No Bake Energy Boosting Date Balls

Raw food and no baking is becoming very popular. I am always experimenting in different ingredients to make healthy nutritious snacks for my children.

When I was diagnosed with Cancer last year, I researched what food the body needs to help fight those bad cells. As a family we changed our diet and now consume more foods that are not baked and that are raw, with no added GMO and organic. Does it help? I don’t know but it tastes good and we do feel more healthier.

These energy balls are mostly made from medjool dates that are high in fibre and an energy booster. They are simple and quick to make and are super healthy.

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Ingredients:

  • 24 Medjool dates (or similar) de-pitted
  • 2 tbsp refined Coconut oil
  • 1tbsp maple syrup
  • 2tbsp ground almonds
  • 2 tbsp organic cacao powder
  • 3 heaped tbsp organic oats
  • 2 tbsp smooth peanut butter
  • 1tbsp chia seeds

Method:

Place the dates and coconut oil into a blender and blitz to a paste, add in a little bit of water to smooth it up.

Add in the peanut butter and ground almonds and blitz to combine it all.

Empty into a bowl. Mix in the cacao powder, maple syrup, oats and chia seeds.

Place in the fridge for half hour.

These balls are quite oily because of the coconut oil.

Take out of the fridge and take a heaped tsp and shape within the palm of your hands to make a ball.

Wrap each ball in some cling film and store in the fridge.

 

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These balls are ideal for grab and go food as they are stored in the fridge and wrapped in cling film it makes it easy for the children to grab a healthy snack when they need one.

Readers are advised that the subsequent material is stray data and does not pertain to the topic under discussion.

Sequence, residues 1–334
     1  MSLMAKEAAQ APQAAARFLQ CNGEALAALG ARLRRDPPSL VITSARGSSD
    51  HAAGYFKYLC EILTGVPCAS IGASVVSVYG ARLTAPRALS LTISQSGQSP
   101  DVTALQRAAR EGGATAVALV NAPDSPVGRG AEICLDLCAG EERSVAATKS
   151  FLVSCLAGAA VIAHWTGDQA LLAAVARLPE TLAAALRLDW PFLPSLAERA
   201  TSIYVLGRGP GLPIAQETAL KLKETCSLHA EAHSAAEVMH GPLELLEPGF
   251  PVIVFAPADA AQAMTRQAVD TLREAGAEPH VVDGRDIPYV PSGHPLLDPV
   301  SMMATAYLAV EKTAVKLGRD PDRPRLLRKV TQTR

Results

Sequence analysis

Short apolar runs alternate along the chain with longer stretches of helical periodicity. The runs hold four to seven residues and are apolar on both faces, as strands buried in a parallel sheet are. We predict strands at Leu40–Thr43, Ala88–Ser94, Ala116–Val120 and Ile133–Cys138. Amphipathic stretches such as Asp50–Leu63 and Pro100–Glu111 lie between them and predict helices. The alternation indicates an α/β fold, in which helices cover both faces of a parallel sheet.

They are high in fibre, minerals and vitamins promoting a healthy bowel. They also provide energy for people who suffer from anemia.

As long as you have the base of the dates and coconut oil you can experiment with adding in different ingredients. Our next one we are going to add in desiccated coconut or even roll the balls in the coconut or cacao powder. You could even add in dried fruit.

Thank you for reading 🙂

 

Our tricks to make children feel better when unwell #VicksTricks

This post is an entry for the #vickstricks campaign

The cold and flu season is well and truly on us. It’s that time of year when the snuffles, aches and pains begin to surface. Not that there is any particular time to catch a cold as it seems my children can come down with the symptoms of a cold any time of the year.

Being a family of five, when one comes down with the sniffles, we all do. It can go round the family faster than Usain Bolt running 100ms. Working in a school myself, I can be sneezed in the face up to 10 times in one day. I understand the importance of keeping our immune systems strong in order to fight any nasty germs that may want to enter our bodies. That is why we make sure that we eat our five a day to keep our immune systems healthy and we always drink lots of water. I have to be extra careful not to catch any nasty bugs going around due to the Cancer treatment that I have received. Radiotherapy can damage many of your organs and cause many problems like lowering your immune system. I make sure that we take multivitamins and cook with fresh ingredients, adding in garlic and turmeric which help with fighting bad bacteria

When our children are feeling poorly, as parents we try every trick in the book to keep them entertained and make them feel better, especially when they need to be back in school so that they don’t miss out on too much class work.

Britmums have set a VicksTricks challenge, they want to know what I do to entertain my children when they are ill and make them feel better, as well as wanting to hear what my parents did to soothe me when I was young and not feeling too good.

I was sent a parcel to help me with this challenge. Inside was a story book, a selection of fun finger puppets and a bottle of first defense.